This week I made Mark's Beef Stew from How to Cook Everything, with a modest addition in honor of St. Patrick's day: Guinness. Ireland’s famous black stout – “thinned” slightly with beef stock – makes the broth robust and dark, its mysteriously roasted flavor rippling throughout. All of the ingredients take to the Guinness in their own way – the meat gets deeply flavorful and tender, the carrots become malty and sweet, and the potatoes soak it up like sponges. You’ll be pouring your perfect pints right into the pot.
Makes: 4 to 6 servings
Time: 1 ½ to 2 hours, largely unattended
2 tablespoons neutral oil, like grapeseed or corn, or extra virgin olive oil
1 clove garlic, lightly crushed, plus 1 tablespoon minced garlic
2 to 2 ½ pounds boneless beef chuck or round, trimmed of surface fat and cut into 1- to 1 ½-inch cubes
Salt and freshly ground black pepper
2 large or 3 medium onions, cut into eighths
3 tablespoons all-purpose flour
3 cups chicken, beef, or vegetable stock, water, wine, or a combination, or more as needed*
1 bay leaf
1 teaspoon fresh thyme leaves or ½ teaspoon dried thyme
4 medium to large waxy or all-purpose potatoes, peeled and cut into 1-inch chunks
4 large carrots, cut into 1-inch chunks
1 cup fresh or thawed frozen peas
Chopped fresh parsley leaves for garnish
1. Heat a large pot with a lid or a Dutch oven over medium-high heat for 2 to 3 minutes; add the oil and the crushed garlic clove; cook, stirring, for 1 minute, then remove and discard the garlic. Add the meat to the skillet a few minutes at a time, turning to brown well on all sides, about 10 minutes total. Do not crowd or the cubes will not brown properly; cook in batches if necessary. Sprinkle the meat with salt and pepper as it cooks.
2. When the meat is brown, remove it with a slotted spoon. Pour or spoon off most of the fat and turn the heat down to medium. Add the onions. Cook, stirring until softened, about 10 minutes. Add the flour and cook, stirring, for about 2 minutes. Add the stock, bay leaf, thyme, and meat and bring to a boil. Turn the heat down to low and cover. Cook, undisturbed, for 30 minutes.
3. Uncover the pot; the mixture should be wet (if not, add a little more liquid). Add the potatoes and carrots, turn the heat up for a minute or so to bring the liquid back to a boil, then lower the heat and cover again. Cook for 30 to 60 minutes, until the meat and vegetables are tender. Taste and adjust the seasoning. (At this point, you may remove the meat and vegetables with a slotted spoon and refrigerate them and the stock separately. Skim the fat from the stock before combining it with the meat and vegetables, reheating, and proceeding with the recipe from this point.)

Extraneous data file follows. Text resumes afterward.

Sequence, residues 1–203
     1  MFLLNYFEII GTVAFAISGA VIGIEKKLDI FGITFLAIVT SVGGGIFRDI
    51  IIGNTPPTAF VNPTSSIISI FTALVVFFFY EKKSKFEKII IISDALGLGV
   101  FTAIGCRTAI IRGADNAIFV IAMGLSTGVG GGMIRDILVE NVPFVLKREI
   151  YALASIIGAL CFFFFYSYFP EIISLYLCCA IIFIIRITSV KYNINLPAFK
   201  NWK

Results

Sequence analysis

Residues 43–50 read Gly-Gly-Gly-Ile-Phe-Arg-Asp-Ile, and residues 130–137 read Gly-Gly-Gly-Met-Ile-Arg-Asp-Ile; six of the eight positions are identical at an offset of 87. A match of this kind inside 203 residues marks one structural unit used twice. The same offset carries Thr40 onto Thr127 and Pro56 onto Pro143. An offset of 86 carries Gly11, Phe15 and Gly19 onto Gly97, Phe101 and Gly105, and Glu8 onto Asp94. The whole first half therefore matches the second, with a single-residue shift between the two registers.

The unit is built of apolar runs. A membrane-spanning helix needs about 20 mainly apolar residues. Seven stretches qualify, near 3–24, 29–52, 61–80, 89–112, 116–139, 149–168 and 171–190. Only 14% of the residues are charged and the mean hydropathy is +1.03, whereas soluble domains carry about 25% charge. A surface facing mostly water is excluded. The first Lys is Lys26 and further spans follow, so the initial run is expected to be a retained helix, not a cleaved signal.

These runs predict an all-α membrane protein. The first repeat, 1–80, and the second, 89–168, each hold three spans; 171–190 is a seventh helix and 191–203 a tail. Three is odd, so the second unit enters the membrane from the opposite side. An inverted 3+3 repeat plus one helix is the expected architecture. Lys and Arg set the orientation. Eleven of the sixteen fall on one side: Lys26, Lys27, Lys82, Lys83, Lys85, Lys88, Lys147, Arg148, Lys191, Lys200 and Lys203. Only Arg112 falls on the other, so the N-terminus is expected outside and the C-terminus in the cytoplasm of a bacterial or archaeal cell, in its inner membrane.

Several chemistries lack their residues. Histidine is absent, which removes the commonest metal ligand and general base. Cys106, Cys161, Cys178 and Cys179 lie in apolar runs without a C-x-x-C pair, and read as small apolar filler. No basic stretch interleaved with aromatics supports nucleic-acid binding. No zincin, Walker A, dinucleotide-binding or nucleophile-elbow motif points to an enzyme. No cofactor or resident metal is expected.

4. Add the minced garlic and the peas; if you’re pleased with the stew’s consistency, continue to cook, covered, over low heat. If it’s too soupy, remve the cover and raise the heat to high. In either case, cook for an additional 5 minutes or so, until the peas have heated through and the garlic has flavored the stew. Garnish with parsley and serve.
Beef and Guinness Stew. In Step 2, omit the flour.
Use 2 cups Guinness and 1- to 1 ½-cups beef broth for the liquid (add
more beer, broth or water as needed during the cooking process).
By Mark Bittman, Wiley, 2008. Hardcover. $35; 944 pages
Graze the food blogs and you'll find that the 13-year-old How to Cook Everything is still almost universally loved as the best resource for a fledgling cook. The audacious, brilliant title is of course ridiculous: One book can't cover all bases. But the recently revised version of this classic includes 2,000 recipes plus kitchen tips, shortcuts, basics, ingredients, and flavors. In other words, most everything.
When recipes include ethnic or other hard-to-find items, sidebars offer sources or subs. Bittman demystifies cassoulet and calls the dish "glorified beans." His interpretation takes 40 minutes to prepare (as opposed to days). Indeed, this book foreshadows Bittman's New York Times success as The Minimalist. (Bittman is also a Cooking Light columnist.)
Everyday technique is his forte, and his confident voice is present throughout.
GIVE THIS TO: Recent college graduates or anyone starting out on a cooking path. -SM
" alt="" class="editorial " src="http://media.zenfs.com/en-US/blogs/partner/2038289.jpg" align="left" width="150">Mark Bittman's award-winning How to Cook Everything has helped countless home cooks discover the rewards of simple cooking. Now the ultimate cookbook has been revised and expanded (almost half the material is new), making it absolutely indispensable for anyone who cooks-or wants to. With Bittman's straightforward instructions and advice, you'll make crowd-pleasing food using fresh, natural ingredients; simple techniques; and basic equipment. Even better, you'll discover how to relax and enjoy yourself in the kitchen as you prepare delicious meals for every occasion.